The age of the pocket computer is upon us. Smartphones are no more than small computers that happen to make phone calls. According to a Nielsen report, more than 50 percent of U.S. mobile subscribers now own a smartphone. Lawyers, for the first time in memory, are at the technology forefront, with 89 percent of them owning smartphones. Smartphones are extremely powerful devices, capable of storing contacts, calendar entries, email communications, electronic files, voice messages and a host of additional confidential client information. As an attorney, you have an ethical obligation to protect the client data that is stored on your smartphone. We’re here to give you some security tips for protecting the data and some easy measures designed to avoid having the data compromised.
Such a simple word, but most attorneys are petrified at the thought of having to encrypt anything, and avoid it like the plague. Encryption is simple and very easy to accomplish on a lot of smartphones. A BlackBerry is built with encryption as part of the base design. Enabling Content Protection on the BlackBerry will encrypt the device. If you use BlackBerry Enterprise Server (BES), you enforce encryption as part of the security policy. Just setting a personal identification number (PIN) on an iPhone enables encryption, and many Android devices have encryption capabilities as part of the operating system installation. Bottom line: Enable encryption and you’ll go a long way toward protecting the data.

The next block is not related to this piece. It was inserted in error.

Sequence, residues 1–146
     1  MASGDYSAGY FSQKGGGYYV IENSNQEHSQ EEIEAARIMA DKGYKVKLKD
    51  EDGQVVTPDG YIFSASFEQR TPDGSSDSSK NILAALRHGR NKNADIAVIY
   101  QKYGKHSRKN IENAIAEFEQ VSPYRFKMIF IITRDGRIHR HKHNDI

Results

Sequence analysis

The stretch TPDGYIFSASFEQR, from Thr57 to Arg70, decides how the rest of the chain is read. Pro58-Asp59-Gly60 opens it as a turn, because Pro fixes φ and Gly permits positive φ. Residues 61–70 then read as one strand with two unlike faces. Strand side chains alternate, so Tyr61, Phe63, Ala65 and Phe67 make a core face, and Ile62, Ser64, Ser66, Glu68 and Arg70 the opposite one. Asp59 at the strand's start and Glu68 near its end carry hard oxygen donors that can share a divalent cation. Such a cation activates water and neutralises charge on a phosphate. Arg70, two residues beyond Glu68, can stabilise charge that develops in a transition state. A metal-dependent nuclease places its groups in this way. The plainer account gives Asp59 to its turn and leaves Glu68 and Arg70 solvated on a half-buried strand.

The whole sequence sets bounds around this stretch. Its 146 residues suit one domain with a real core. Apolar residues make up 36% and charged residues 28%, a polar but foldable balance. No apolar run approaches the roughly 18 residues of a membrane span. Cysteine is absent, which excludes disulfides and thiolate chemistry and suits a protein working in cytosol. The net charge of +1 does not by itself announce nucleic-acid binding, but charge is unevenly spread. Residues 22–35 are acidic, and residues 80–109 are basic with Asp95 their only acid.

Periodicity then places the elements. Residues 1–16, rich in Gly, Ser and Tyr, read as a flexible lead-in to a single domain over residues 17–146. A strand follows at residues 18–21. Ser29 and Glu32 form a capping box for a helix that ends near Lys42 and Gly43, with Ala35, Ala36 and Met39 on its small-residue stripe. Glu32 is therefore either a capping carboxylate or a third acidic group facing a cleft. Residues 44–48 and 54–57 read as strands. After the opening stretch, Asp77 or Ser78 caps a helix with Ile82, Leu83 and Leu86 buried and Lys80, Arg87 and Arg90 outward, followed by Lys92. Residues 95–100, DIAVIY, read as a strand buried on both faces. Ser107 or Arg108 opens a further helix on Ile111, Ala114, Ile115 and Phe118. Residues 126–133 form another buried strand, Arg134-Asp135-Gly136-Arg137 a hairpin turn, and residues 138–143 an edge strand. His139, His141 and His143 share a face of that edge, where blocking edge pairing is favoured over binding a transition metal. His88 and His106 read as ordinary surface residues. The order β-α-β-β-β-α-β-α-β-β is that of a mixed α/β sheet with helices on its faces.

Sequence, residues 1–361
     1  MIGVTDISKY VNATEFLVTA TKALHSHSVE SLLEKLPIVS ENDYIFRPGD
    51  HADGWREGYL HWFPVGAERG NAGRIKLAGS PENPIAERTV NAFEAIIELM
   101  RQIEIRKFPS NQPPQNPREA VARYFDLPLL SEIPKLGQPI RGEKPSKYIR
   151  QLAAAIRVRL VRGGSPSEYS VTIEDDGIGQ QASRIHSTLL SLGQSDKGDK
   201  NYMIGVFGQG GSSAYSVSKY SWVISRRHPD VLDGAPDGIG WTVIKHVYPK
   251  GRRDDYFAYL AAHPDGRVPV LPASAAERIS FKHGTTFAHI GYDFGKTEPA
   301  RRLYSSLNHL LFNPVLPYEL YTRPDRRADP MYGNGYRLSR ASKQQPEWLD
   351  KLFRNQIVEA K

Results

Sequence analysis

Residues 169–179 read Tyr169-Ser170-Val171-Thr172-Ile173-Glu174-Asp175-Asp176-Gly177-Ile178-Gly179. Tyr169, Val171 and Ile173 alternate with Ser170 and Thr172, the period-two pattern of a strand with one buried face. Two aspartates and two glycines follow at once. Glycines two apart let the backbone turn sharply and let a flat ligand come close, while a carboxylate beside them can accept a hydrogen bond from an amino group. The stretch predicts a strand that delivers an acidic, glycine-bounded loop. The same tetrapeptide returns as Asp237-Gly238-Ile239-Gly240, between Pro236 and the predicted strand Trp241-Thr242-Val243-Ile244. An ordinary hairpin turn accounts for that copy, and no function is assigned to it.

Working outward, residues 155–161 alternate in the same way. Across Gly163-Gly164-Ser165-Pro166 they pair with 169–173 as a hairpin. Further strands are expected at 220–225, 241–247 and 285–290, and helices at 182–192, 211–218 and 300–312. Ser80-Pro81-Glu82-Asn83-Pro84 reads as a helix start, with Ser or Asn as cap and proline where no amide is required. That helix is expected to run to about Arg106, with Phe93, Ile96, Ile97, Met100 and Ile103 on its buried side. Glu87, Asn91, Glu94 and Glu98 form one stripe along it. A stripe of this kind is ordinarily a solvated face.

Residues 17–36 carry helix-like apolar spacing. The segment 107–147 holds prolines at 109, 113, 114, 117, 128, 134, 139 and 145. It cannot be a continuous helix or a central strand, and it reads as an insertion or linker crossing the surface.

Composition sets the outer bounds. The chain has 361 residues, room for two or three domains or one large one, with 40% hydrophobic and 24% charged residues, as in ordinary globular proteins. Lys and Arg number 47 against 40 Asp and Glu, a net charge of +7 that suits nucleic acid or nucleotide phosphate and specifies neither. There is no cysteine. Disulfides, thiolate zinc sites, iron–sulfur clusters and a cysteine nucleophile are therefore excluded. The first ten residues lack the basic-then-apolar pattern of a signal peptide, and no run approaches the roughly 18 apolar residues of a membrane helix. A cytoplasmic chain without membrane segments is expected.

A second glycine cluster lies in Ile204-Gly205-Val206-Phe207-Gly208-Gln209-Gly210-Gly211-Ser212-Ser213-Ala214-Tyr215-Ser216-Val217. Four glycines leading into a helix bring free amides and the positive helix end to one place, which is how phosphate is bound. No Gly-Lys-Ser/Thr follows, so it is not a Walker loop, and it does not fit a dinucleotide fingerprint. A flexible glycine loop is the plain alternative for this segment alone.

2. Encrypt Expansion Memory
Besides the main memory, be sure to encrypt any memory expansion cards that may be used. IPhone users don’t have to worry about this since you can’t expand an iPhone, but others need to protect any data that may be saved to the card.
3. Lock Code
Be sure to set a lock code for your smartphone. This will help prevent unauthorized access to the information. Set a code that is longer than the typical four-digit PIN to make it more difficult to crack the number. IPhone users must turn off Simple Passcode to enter more than four digits. Why? Because there is software available that can “brute force” an iOS four-digit PIN in several minutes.
4. Inactivity Timer
Set a fairly short inactivity timer for your smartphone. This will automatically lock the phone if it hasn’t been used for a period of time. Don’t be tempted to set your timer at five or more minutes. You should configure the value to be no more than two minutes. Many attorneys complain that the phone will lock too quickly with such a short value, but larger numbers leave you exposed should you leave your phone in the cab (as one of us has done).
5. Location Services
Turn on the location services of your smartphone to facilitate finding the phone if it is ever lost. IPhone users should enable the Find My iPhone feature through iCloud. The ability to locate your smartphone must be turned on before you lose your phone, something many lawyers seem unaware of. Android users can install the free Lookout application, which has device location capabilities. Another advantage of the location services is that you can send a message to the device or have the smartphone play an alert sound even if the sound is turned off or the phone is in vibrate mode.
6. Remote Wipe
Make sure you have the ability to remotely wipe the phone should you lose it. This is different than being able to locate it. Remote wipe means you can remotely send a command to wipe the information from the phone. This is a built-in feature for BlackBerry devices. Remote wipe is part of the Find My iPhone feature for iPhones, and it is also included with Lookout for Android phones.